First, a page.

When I first moved to Georgia, I was faced with the reality that I would no longer be able to walk one block from home and find just about any ingredient from Guyana and the Caribbean.    I lived in Richmond Hill, New York for almost 2 decades and had become very used to the convenience of living in “Little Guyana.”   You could walk into any grocery store and find cow face, or salted pigtail or “one foot fowl” (dasheen leaves).    This would not be the case in Georgia.    How did I overcome this obstacle?  I became resourceful.

Soursop on the tree. Shot was taken on vacation in Antigua.

I started looking for ingredients in International Markets, Asian and Latin stores.   When I needed  curry powder or garam masala  I would go to the Indian grocery store.   At the Asian markets I was able to fine 5 spice powder,  Chinese sausage (lap chuong), chinese long beans(bora) and various fruits.   Most of the fruit and vegetables were known by a different name, so be prepared to use google if you’re not sure it’s the same.   For example, soursop pulp is packaged as guanabana which is the Spanish name for soursop, I also picked up maracuja which is Portuguese for passion fruit.   By simply googling the name will provide all the known names of that particular fruit.  Many countries outside of the Caribbean and Guyana have the same climate and vegetation as we do, hence the same fruits and vegetables.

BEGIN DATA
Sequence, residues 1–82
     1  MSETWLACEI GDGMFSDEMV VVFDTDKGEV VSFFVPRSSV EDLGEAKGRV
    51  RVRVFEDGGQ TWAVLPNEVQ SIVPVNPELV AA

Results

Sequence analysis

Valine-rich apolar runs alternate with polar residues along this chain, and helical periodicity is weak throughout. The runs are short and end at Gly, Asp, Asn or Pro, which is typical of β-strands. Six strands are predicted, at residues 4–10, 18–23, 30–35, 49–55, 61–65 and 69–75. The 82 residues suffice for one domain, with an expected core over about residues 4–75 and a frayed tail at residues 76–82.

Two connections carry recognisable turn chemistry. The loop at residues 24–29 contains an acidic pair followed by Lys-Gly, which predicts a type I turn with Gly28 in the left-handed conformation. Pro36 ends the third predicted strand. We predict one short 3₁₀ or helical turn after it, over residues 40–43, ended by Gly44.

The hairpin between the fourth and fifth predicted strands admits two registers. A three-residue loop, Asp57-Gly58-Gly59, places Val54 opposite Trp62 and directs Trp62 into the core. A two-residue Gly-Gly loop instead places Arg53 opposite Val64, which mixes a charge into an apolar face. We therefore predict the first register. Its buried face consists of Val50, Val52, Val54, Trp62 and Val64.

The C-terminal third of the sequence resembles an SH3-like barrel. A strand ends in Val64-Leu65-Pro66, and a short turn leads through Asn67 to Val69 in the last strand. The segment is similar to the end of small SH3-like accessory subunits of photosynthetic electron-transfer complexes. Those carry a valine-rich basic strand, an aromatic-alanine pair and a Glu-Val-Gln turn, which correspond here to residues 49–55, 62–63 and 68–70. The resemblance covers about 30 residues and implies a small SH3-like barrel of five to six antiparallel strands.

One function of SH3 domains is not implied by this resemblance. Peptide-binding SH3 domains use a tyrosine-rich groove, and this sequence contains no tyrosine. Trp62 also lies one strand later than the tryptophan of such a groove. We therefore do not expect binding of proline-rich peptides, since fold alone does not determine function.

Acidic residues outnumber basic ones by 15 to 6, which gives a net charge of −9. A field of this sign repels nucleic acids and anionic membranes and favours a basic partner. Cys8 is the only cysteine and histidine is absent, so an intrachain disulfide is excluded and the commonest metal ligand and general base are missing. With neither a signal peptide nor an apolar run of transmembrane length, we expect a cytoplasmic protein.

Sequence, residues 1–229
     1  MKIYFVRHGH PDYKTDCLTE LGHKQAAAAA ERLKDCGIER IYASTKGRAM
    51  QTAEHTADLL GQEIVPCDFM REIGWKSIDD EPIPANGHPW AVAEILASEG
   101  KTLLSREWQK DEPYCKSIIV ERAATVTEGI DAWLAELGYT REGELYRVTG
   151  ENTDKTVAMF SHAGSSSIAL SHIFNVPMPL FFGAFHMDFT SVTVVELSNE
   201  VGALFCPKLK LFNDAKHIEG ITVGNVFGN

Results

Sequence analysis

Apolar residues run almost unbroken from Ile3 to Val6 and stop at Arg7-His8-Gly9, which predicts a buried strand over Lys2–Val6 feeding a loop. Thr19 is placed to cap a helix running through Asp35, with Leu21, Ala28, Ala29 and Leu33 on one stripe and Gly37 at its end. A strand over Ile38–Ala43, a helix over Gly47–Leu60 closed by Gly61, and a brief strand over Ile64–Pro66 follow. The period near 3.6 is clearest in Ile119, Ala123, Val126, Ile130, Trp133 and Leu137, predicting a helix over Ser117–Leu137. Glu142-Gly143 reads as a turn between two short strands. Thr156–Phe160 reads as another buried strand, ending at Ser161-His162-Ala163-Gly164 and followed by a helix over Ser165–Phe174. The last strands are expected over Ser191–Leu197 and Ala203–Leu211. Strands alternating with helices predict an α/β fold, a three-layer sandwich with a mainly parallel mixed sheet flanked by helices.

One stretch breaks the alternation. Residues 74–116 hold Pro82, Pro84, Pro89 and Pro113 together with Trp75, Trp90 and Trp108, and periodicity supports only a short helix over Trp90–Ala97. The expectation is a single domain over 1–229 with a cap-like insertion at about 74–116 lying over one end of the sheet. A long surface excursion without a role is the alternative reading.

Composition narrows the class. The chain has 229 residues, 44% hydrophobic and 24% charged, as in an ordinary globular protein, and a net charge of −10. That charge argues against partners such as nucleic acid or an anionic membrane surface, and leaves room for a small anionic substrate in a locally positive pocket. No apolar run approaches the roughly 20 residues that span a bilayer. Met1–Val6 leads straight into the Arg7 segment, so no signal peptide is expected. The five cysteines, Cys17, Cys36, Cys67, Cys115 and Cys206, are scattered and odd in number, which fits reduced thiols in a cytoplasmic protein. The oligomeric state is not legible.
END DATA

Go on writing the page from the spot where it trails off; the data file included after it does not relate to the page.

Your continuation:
When it comes to meat not easily found in the supermarket such as oxtails or a goats’ head, take a trip to the butcher, chances are they have every part of the animal even if it may not be for sale.    Depending on where you live, these parts might be considered trash since no one typically eats it and you may be able to buy otherwise pricey meat for dirt cheap.   My brother lives in Middle-of-Nowhere South Dakota and was able to buy an entire cow tail (oxtail) for a mere $2 which typically sells for $4 per pound.   Be prepared to bargain a really low price…you never know, you may even get it for free.

For those who do not live in culturally diverse cities and may not have these options available, use the internet.  You can order just about anything online.    I hope my tips work for you whether you live in Arizona or Australia, because they have helped me survive living in Georgia.

SourSop Milkshake

14 oz Soursop pulp

2 cups vanilla ice cream

1 cup milk

*6 tbsp condensed milk


Place soursop pulp, vanilla ice cream, milk and condensed milk in a blender and blend until smooth.  Add a pinch of nutmeg and mix.

Pour into a glass and sprinkle a bit of nutmeg on top.  Enjoy!

Notes: *Adjust the amount of condensed according to your liking.